Jordanian Higher Education Flunks a National Test
AMMAN—More than half of Jordanian universities failed a national proficiency exam held by the ministry of higher education last month.
The exam is administered to students but the government then evaluates the universities by how well their students did. This is the first year where all students expecting to graduate from Jordanian universities have been required to take the exam. The exam seeks to measure students’ competence in the disciplines necessary for their academic goals and evaluates what public and private universities have achieved in their work with the students.
The exam provided a strong dose of bad news for Jordanian educators. “The overall results were weak, shocking and less than our ambition,” said Bashir Al-Zoubi, director of the higher education accreditation commission in a press conference.
He hinted that the results show frustrations linked to social problems in the country.“Students’ oral and written skills are very poor, which clarify the reasons behind violence in some universities,” said Al-Zoubi. Jordanian educators have speculated that because students’ communications skills are so low, they are incapable of dialogue and resort to violence.
The disappointing test results provoked a storm of controversy. Some people blamed careless students, while others criticized national educational policies.
“I am feeling bad about the result,” said Mustafa Ibrahim, a 23-year-old student in civil engineering at the University of Jordan. “I do not deny my mistake as I did not take the exam seriously, but our professors also didn’t explain the importance of the exam.”
Around 20,000 students at 43 universities, who should graduate this winter semester, took the exam. The accreditation commission plans to propose considering the exam result in graduate recruitment. The test results would be part of students’ graduation certificates, so poor scores would hurt their ability to go on to employment or other education.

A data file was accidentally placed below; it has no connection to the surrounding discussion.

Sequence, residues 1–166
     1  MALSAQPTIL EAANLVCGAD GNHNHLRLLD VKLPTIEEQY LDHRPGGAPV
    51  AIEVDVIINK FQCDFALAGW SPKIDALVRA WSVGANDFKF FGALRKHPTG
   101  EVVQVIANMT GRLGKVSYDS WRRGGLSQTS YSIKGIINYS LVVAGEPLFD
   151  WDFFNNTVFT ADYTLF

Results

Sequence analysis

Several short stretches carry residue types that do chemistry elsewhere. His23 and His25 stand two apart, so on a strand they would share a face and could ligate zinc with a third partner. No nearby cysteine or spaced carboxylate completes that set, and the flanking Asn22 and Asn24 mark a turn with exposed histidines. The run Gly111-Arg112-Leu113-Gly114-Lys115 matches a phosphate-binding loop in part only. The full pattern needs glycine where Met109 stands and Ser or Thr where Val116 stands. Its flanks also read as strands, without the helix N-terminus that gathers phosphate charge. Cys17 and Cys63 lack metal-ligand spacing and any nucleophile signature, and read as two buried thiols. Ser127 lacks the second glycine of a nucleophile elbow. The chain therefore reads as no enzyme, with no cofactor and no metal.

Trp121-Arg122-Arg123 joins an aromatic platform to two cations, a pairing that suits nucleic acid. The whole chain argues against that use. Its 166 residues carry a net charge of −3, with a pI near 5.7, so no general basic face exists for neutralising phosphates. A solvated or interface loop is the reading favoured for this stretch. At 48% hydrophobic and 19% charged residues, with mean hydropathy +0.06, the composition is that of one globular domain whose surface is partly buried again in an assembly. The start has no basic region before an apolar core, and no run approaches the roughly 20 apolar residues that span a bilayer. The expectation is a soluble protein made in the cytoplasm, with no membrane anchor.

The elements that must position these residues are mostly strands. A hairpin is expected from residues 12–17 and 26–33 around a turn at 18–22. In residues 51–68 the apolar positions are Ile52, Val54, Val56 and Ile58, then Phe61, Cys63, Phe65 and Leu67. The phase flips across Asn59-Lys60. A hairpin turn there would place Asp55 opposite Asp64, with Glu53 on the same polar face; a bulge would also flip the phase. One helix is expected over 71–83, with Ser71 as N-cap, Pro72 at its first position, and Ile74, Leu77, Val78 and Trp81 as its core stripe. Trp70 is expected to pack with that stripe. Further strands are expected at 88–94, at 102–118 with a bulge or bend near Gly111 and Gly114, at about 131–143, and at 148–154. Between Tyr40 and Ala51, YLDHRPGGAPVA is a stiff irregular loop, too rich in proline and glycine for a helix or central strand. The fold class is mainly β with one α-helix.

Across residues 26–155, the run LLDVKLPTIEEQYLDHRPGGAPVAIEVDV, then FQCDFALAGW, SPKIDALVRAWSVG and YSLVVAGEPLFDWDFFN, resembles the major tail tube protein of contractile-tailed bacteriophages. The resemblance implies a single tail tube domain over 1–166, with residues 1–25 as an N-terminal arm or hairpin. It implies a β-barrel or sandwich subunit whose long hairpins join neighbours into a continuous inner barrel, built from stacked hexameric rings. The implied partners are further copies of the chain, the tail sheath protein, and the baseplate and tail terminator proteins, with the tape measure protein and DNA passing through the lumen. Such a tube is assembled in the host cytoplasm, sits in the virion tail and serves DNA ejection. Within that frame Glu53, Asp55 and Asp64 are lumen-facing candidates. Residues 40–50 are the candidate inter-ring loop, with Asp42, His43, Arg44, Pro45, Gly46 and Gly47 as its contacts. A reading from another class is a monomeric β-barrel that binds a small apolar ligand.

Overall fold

Only 18 universities out of 43 passed the exam. Moreover, no university passed the proficiency exam in engineering, science, agriculture, and computer and information technology.
Unemployment stood at 12.3 percent in Jordan in the fourth quarter of 2014, according to the Department of Statistics. The figures showed that joblessness was especially high among graduates with bachelor degrees, standing at 16.8 percent.
Students and professors alike said the test took them by surprise. “The exam is unfair against students,” says Mustafa Hamarneh, a linguistics professor at the University of Jordan, the largest public university in the country, which ranked 7th in the exam result. “Students should have prior notification to prepare themselves. Also professors should know the exam mechanism to explain it clearly to the students.”
Some professors said that the test should be taken seriously. “We can’t hide behind our finger anymore,” said Soad Adailah, a professor of comparative literature at Yarmouk University in Irbid city, using a common Arabic proverb. “There is a serious problem, which needs to be fixed.” she said.
Adailah believes that the reasons for this imbalance go back to “the incompetence of many of our professors, who are not willing to develop the skills and knowledge they have learned many years ago.”
A successful passing score for the test was regarded as 45 percent. The highest achieved score for a student was 53.42 percent. The best institutional performer was the Faculty of Educational Sciences and Arts, a small non-profit group run by the United Nations Relief and Works Agency. Princess Sumaya University For Technology, and Al-Balqa` Applied University got the second and third ranks respectively. Meanwhile, the worst performance was awarded to the Mutah University in southern Jordan, which has been troubled by violent incidents in the past three years.
“The exam reveals the deadly need to develop higher education regulations, university admission policies and increase the subsidy for public universities,” said The Jordanian national campaign for defending students rights, a student movement established in 2007, said in a press release.
“This exam must be continued and developed in a way that contributes to reconsider the strategies of improving our universities,” says Fakher Daas, the coordinator of the campaign. “It shows students’ flaws and the decaying educational system.”
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